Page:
Album Title
Artist IconZac Brown Band
Artist Icon JEKYLL + HYDE
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First Released

Calendar Icon 2015


Genre Icon BlueGrass


Mood Icon Cheerful


Style Icon Country


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Speed Icon Republic Nashville

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Album Description
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Jekyll + Hyde is the fourth major-label studio album by the Zac Brown Band. It was released on April 28, 2015. The album's lead single, "Homegrown", was released on January 12, 2015. "Heavy Is the Head", featuring Chris Cornell, was released two months later to the rock format. "Loving You Easy" is the album's second release to country, and third single overall.

The band played the songs "Homegrown" and "Dress Blues" from the album at the 2015 College Football Playoff National Championship pregame show. On March 7, 2015, the band performed "Homegrown" and "Heavy Is the Head" on Saturday Night Live, the latter performed with Soundgarden frontman Chris Cornell who provides guest vocals on the track. The band embarked on their Jekyll + Hyde Tour in May 2015 in promotion of the album.

The album debuted at number one on the US Billboard 200 album chart on the week ending May 3, 2015, earning 228,000 album-equivalent units (214,000 copies of traditional sales), making it their third number one album on the Billboard 200 chart. The album was certified Gold by the RIAA on September 11, 2015. As of August 2016, the album has sold 672,400 copies in the United States.

Carl Wilson of Billboard rated it 3.5 out of 5 stars. His review stated that "The album is a good-faith effort to match or even outstrip the band's onstage eclecticism, and the musical personality shifts help relieve the group's tendency to blandness, providing cover for Brown's dutifully generic, if personable voice. Some longer-standing fans, though, might judge the changes as diabolical as the two-faced Robert Louis Stevenson character that lends the album its name." He also thought that "Dress Blues" was the strongest track. Also giving it 3.5 out of 5, Thom Jurek of Allmusic expressed general favor in the variety of stylistic choices, highlighting "Dress Blues", "Junkyard", "Remedy", "Loving You Easy", and "One Day" in particular, adding that "The stylistic range of Jekyll + Hyde proves that ZBB's reach is almost limitless, and this set will more than likely delight the group's legions of fans." However, he criticized "Wildfire" and the acoustic rendition of "Tomorrow Never Comes" as "unnecessary" and thought that the production was "too bright". Giving it 3 out of 5 stars, Will Hermes of Rolling Stone praised the variety of musical styles on the album, but felt that some of the songs were "a little predictable". He thought that "Dress Blues", written and originally recorded by Jason Isbell, was the strongest track.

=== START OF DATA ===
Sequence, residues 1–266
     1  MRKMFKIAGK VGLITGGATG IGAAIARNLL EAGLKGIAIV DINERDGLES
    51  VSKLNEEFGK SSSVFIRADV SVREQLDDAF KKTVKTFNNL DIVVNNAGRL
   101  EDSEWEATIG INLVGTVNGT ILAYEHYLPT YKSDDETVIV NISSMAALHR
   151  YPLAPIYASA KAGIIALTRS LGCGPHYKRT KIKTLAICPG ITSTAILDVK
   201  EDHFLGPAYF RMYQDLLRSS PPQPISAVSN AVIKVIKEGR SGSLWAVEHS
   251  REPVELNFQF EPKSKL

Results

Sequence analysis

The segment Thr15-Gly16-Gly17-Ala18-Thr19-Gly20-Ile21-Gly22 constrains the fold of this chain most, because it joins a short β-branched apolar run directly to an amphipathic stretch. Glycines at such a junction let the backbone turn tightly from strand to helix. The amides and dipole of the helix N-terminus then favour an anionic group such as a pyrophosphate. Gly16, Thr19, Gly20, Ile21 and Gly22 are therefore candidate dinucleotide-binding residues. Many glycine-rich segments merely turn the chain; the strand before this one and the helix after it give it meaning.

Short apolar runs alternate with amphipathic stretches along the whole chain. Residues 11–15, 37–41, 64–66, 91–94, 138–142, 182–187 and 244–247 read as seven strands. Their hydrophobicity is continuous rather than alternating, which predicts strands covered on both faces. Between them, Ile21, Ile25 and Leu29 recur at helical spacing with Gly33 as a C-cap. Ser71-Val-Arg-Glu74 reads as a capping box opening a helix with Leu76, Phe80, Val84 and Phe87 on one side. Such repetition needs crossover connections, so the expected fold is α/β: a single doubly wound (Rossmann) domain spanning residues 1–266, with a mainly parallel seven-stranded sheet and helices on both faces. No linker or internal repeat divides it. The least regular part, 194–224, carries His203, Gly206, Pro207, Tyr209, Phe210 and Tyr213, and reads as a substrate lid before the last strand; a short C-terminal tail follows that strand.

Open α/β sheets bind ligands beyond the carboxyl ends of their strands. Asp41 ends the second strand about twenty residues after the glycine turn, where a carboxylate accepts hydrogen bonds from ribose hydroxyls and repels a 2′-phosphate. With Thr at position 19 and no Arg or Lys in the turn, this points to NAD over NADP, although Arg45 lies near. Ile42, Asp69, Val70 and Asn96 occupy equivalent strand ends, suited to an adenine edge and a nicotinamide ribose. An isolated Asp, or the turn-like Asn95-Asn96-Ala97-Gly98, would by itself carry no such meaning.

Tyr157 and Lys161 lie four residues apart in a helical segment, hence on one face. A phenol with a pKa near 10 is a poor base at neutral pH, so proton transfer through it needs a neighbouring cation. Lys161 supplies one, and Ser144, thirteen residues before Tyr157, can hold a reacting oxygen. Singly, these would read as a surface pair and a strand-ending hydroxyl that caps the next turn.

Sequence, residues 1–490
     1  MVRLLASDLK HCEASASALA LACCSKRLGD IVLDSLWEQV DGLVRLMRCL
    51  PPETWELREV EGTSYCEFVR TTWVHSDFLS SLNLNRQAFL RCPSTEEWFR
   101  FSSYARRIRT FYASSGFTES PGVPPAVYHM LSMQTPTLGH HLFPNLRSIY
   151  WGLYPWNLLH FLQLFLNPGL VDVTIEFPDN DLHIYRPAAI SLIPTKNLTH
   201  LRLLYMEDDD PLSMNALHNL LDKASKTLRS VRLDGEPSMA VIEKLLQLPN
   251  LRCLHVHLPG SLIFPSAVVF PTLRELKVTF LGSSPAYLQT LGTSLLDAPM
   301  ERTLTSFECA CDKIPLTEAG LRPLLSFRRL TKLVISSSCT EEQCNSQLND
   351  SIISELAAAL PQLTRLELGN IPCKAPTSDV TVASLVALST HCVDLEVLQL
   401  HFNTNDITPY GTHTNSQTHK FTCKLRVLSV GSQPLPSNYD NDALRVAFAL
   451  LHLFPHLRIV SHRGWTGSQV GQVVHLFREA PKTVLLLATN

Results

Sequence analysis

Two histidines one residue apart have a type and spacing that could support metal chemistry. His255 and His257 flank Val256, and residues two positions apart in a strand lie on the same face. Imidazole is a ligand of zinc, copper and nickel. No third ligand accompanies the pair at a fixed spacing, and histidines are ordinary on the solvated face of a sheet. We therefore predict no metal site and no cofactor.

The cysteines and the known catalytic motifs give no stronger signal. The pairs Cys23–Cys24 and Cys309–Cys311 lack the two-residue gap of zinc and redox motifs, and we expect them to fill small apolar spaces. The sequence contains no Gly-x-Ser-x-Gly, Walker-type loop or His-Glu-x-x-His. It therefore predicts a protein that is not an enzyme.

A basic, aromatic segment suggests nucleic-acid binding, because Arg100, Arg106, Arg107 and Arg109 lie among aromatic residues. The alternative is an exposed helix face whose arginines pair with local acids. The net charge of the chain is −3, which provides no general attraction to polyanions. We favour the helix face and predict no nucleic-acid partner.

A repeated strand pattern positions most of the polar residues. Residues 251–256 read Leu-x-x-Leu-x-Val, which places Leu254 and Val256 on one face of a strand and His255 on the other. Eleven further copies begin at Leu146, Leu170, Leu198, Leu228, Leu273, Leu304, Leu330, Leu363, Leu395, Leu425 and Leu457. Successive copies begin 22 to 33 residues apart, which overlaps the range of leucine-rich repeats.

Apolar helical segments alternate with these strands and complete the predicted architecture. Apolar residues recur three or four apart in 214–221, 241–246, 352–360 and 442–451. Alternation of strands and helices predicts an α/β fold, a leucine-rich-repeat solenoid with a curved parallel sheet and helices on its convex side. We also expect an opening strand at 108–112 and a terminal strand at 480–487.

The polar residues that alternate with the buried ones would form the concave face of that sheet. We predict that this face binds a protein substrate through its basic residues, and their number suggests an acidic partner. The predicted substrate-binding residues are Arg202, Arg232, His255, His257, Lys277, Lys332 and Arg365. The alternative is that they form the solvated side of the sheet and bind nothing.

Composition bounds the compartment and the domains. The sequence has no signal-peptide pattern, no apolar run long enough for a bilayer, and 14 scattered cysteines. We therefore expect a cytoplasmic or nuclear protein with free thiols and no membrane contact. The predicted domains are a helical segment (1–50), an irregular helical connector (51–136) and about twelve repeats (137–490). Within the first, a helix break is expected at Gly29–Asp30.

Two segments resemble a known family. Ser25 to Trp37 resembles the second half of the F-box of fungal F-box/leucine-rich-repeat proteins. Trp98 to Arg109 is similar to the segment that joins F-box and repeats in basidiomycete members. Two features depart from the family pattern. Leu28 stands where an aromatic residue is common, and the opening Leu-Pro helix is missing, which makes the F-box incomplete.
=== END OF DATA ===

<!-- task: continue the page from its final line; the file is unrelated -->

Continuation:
Writing for Entertainment Weekly, Kyle Anderson rated the album "C+", stating that "Brown rarely fails to push the boundaries of the genre. It’s an admirable outlook to have in the oft-stuffy world of Nashville formalism, and it has led his band to multiplatinum success. But the group’s fourth studio full-length goes miles beyond even their most off-the-beaten-path excursions, and not always for the better...Though Brown’s vocals adjust to Jekyll + Hyde's multiple personalities, he can’t provide enough continuity to keep the album cohesive, and the borderline-goofy gambits are more distracting than interesting. The album certainly proves that ZBB have range. But at some point, experimentation swerves into self-indulgence, and Brown never gets around to solving Jekyll’s identity crisis." He thought that "Young and Wild" and "Heavy Is the Head" were the strongest tracks. Jon Caramanica of The New York Times gave a mixed review, stating that the album "suggests a path forward. Rather than follow the hip-hop hybrids of the day, the album offers a huge amalgam of soft rock, country-rock, hard rock, heavyish metal, big band music, bluegrass and, yes, a touch of electronic music." Caramanica was also critical of Brown's singing, saying that his "unimaginative voice can gum up a song, as it does here on 'Dress Blues,' and he rarely moves past lyrical platitudes. When he evokes Kenny Rogers, as on 'One Day,' it’s effective, but more often it’s a liability." He also thought of the musical arrangements that "Even when Mr. Brown is taking it easy, though, the band is working hard, eager to show it’s trapped inside a flimsy box."
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